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AVT – exit report


Transparency is a fundamental principle of GDPR. In addition to being a prerequisite for uncovering errors, discriminatory treatment or other problematic issues, it contributes to increased confidence and places the individual in a position where they are able to assert their rights and safeguard their interests.

The General Data Protection Regulation imposes specific requirements with which all those who process personal data must comply (see Articles 12, 13 and 14). These requirements include, among other things, that the data subject must be informed of the fact that personal data is being processed, how the personal data is processed and who the data controller is. This information must be easily accessible and must use clear and plain language. This especially applies to information provided to children.

The specific requirements for information that follow from the GDPR are considered minimum requirements. In some cases, it is necessary to provide additional information to comply with the fundamental principle of transparency, which was a topic for discussion in the AVT project.

Information adapted to users

It can sometimes be challenging to provide an intelligible explanation for how a system based on artificial intelligence processes personal data. For the AVT project, the age range of its users further complicates this situation. This system may potentially be used by children as young as six at one end of the range and by graduating pupils in upper secondary school at the other. The youngest children, especially, do not have the ability to understand how their privacy may be affected nor the ability to protect their own interests. Their parents must therefore also receive information, so that they can protect their children’s interests.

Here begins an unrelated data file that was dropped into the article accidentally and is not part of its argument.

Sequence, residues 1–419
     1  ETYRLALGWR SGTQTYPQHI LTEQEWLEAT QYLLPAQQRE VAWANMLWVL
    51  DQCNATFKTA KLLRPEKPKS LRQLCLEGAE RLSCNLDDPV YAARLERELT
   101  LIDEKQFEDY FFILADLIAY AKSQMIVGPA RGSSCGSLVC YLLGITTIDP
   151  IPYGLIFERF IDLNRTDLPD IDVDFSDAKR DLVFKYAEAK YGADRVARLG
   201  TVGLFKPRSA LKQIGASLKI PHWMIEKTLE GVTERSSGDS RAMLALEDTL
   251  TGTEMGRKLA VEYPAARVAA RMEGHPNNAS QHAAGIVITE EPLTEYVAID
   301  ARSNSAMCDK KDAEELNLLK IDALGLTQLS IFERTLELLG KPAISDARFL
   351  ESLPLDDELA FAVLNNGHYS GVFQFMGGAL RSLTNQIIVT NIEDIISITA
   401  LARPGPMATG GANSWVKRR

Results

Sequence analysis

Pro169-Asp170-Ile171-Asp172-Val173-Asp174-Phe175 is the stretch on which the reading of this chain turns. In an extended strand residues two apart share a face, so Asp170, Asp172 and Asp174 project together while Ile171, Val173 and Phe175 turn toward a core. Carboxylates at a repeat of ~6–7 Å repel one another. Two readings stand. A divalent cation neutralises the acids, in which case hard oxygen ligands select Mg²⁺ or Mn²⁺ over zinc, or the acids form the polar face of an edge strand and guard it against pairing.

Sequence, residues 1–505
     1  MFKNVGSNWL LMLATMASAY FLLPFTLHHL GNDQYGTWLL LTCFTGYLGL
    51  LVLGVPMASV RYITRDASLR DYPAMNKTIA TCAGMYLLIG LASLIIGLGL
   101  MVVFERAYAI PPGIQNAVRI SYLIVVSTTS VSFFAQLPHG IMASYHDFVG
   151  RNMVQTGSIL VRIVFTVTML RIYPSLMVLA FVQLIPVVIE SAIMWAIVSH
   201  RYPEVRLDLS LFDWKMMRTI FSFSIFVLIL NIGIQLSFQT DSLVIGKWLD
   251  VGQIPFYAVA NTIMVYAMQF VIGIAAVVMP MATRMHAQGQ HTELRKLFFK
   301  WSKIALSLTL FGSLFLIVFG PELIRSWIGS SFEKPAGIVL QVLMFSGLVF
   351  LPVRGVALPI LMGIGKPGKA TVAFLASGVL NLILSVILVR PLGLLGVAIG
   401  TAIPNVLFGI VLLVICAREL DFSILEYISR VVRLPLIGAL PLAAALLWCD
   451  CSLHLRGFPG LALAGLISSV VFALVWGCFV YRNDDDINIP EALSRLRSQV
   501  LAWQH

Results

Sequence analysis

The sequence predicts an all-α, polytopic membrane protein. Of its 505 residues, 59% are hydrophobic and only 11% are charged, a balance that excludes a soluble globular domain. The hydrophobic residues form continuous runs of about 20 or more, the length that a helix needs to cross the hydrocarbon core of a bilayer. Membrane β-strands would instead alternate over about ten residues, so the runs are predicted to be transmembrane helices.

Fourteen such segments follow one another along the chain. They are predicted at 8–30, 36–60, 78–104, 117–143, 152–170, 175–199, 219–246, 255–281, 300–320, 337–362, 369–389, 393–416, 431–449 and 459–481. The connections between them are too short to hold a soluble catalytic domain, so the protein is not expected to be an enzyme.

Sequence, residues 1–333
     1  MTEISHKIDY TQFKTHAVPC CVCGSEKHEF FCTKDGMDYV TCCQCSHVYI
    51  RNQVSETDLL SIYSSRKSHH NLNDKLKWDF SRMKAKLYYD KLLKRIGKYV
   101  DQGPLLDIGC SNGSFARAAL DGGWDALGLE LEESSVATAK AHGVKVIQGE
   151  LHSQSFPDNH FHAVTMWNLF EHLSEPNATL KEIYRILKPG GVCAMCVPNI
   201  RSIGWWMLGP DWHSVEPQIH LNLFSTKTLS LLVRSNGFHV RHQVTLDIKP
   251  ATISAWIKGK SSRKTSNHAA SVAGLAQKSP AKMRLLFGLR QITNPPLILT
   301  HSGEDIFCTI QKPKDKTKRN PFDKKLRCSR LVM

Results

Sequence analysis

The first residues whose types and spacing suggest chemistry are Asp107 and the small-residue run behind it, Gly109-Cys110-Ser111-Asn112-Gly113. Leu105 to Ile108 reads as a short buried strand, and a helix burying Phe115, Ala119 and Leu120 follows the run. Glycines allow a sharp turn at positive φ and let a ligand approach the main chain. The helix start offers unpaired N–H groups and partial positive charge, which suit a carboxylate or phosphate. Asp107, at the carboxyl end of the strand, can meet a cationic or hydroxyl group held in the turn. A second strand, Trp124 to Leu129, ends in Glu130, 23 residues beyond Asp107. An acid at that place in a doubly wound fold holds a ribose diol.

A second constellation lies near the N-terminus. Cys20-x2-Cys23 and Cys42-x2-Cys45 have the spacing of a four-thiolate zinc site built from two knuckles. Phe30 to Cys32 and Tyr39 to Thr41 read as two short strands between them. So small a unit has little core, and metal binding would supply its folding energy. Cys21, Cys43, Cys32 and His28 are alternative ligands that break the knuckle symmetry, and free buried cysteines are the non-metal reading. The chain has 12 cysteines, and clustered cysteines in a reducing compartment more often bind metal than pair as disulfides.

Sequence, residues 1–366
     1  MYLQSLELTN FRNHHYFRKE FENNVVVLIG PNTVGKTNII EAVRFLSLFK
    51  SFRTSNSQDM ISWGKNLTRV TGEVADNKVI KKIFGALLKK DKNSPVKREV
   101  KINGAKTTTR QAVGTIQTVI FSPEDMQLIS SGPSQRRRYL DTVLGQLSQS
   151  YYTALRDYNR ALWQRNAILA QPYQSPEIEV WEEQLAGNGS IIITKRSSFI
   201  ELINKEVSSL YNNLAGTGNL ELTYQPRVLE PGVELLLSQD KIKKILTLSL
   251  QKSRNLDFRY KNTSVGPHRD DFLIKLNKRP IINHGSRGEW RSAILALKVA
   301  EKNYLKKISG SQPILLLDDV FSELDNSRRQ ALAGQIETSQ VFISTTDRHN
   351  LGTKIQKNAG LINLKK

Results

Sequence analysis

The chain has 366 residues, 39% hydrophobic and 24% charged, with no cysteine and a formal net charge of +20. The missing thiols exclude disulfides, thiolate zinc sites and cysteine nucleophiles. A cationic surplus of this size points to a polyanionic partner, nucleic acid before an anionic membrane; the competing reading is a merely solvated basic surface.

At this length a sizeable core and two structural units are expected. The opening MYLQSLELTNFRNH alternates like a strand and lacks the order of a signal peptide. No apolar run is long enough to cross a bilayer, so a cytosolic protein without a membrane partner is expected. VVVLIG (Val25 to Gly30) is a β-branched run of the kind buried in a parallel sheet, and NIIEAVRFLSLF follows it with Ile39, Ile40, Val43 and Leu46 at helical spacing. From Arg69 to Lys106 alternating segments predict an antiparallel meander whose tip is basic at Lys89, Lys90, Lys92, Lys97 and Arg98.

As data controllers, the municipalities are responsible for complying with this information obligation. Norway has 356 municipalities, all with different prerequisites for implementing a learning analytics system. For that reason, the partners involved in the AVT project want to prepare an information packet, which includes some general information about learning analytics. In this context, they have prepared draft templates of written and graphic material that municipalities may use in their information activities. In the sandbox, we evaluated this information material and discussed potential solutions for how this information can be adapted to suit the needs of the different user groups.

For compliance with the information obligation, it is important to keep the intended recipients in mind. We cannot always know in advance who the recipients of the information are, e.g. because the controller does not always know who the users of a service may be. The AVT project has the benefit of having a clearly defined group of users for the learning analytics system. Their challenge is the considerable range of ages and levels of development within this group. One central discussion in the sandbox was how the AVT project can provide information that is simple enough for the youngest pupils, while also meeting the information needs of older pupils and parents.